A Roar, A Boar y Alice LED light sculpture by Lumencrafter. Art by Reid Dennison.
Photograph shows the A Roar, A Boar y Alice light sculpture outside a barn in daylight. For more information about Lumencrafter art, the A Roar, A Boar y Alice light sculpture, and commissioning your bespoke LED light sculpture, contact us.
As much as a teenager can be serious about these things, I wanted to be a sculptor. I liked art, especially 3D art. I changed schools to get into an art program. It was the 70’s, I had long hair, I didn’t do my homework. But my mother encouraged me. From time to time, invarious art classes or doing crafts with my family, I’d make something I’d like and keep. I still have a piece of fired clay that took an impression of my grasp – and a man’s reach should exceed his grasp, says the poet.
I always enjoyed looking at things in that way—abstract but with a connection to the natural world. The idea that kept coming back: a human structure with a natural metaphor.
I can’t think of a time when artists were not in my life. My mother was a painter; one sister, a skilled pianist and flautist; another acted at Stratford and Shaw and in various films for television. For 29 years, I lived in Arcadia Housing Co-op for Artists on Toronto harbour,alongside many fine Canadian painters, sculptors, musicians, writers, and actors. The move from Toronto to Flesherton was encouraged by a painter friend and her gallery-owning husband. They had seen the light sculptures and offered me a place to show my work.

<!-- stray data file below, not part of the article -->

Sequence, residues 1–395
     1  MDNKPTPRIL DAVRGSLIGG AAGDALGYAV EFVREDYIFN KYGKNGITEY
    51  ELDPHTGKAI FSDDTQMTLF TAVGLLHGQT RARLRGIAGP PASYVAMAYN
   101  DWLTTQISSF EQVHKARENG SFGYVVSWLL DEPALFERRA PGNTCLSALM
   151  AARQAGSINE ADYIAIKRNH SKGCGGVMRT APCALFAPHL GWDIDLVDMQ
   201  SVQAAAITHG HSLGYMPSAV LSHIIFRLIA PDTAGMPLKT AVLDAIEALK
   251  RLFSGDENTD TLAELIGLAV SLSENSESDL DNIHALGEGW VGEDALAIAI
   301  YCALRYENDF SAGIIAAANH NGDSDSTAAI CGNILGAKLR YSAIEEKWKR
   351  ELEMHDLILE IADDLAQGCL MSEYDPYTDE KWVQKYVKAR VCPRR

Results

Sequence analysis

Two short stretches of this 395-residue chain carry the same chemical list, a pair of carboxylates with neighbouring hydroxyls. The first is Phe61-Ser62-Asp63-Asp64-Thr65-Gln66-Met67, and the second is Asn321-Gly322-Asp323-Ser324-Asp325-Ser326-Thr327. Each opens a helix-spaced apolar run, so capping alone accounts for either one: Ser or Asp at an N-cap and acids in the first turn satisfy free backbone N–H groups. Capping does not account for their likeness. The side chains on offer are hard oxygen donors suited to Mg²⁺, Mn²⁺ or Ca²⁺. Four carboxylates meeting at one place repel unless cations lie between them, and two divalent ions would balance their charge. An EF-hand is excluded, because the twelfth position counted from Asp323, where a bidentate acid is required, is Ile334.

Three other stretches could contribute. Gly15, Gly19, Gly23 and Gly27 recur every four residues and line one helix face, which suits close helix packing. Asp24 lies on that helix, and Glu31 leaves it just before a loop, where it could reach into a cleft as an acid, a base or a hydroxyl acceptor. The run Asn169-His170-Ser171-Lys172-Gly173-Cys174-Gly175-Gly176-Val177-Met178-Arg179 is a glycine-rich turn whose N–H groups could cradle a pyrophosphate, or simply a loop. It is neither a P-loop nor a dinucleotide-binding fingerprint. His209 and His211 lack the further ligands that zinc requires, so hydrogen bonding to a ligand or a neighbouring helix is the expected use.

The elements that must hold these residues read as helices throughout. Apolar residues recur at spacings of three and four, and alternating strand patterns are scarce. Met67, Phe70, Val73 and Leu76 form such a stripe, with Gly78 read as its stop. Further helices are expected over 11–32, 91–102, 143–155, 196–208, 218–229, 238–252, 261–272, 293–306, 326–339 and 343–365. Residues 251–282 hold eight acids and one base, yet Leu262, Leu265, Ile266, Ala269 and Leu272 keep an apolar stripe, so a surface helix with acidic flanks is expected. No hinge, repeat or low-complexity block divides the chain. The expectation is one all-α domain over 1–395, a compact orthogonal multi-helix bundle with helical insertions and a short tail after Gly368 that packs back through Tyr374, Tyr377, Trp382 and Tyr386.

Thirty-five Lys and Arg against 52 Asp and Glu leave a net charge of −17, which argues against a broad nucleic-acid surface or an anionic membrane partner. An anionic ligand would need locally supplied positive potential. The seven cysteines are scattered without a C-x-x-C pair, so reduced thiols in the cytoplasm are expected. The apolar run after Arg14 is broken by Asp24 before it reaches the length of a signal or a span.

I was losing the joy of film editing; I had loved the touch of celluloid, the look of light and dark on that narrow plastic strip; had loved the cutting and taping, the physicality of it. To stay alive in that business, I had to reinvent myself several times, learning linear videotape editing and then digital computer editing. But as I got further and further away from working with my hands, I felt something was lost. And then, the new television aesthetic – the pressure to add vwoom sounds and fwoosh flashes to every other cut just because we can – all just made my soul heavy.
In one of my frequent home renovations, I used polycarbonate twinwall to create Japanese-style paneled room dividers. I had one very narrow strip of the polycarbonate, a very slender trim from one of the panels. I liked the way that looked, a delicate ladder. I began to play.
I found myself cutting up polycarbonate plastic strips and twisting them into shapes enfolding light. It was time to become the sculptor my boyhood self had imagined.
Now I was working, not with projected light, but with direct-source light. It’s similar – as a film student studying cinematography, I had to consider what to put in the frame, what the dark spaces were telling me. I turn much the same eye upon my sculptures. And I’m still working in a darkened room.